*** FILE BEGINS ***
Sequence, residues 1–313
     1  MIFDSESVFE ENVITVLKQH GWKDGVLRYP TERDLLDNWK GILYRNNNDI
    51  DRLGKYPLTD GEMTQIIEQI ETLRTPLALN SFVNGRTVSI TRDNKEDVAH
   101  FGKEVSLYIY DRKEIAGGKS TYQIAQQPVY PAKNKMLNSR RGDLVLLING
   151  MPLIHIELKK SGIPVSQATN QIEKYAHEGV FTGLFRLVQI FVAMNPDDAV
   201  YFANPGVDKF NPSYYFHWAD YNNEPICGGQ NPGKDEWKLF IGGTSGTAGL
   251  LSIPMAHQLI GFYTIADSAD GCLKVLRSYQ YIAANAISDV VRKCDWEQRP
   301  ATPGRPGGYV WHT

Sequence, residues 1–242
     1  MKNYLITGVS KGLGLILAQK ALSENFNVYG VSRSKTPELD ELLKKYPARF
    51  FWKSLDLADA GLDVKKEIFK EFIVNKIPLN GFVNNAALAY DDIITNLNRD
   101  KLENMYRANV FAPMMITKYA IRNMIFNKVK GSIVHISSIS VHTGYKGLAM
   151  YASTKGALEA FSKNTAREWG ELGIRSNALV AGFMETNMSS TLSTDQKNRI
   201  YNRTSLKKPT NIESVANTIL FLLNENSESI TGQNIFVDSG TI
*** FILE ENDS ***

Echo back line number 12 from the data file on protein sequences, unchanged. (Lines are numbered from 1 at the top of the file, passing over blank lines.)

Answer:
   101  KLENMYRANV FAPMMITKYA IRNMIFNKVK GSIVHISSIS VHTGYKGLAM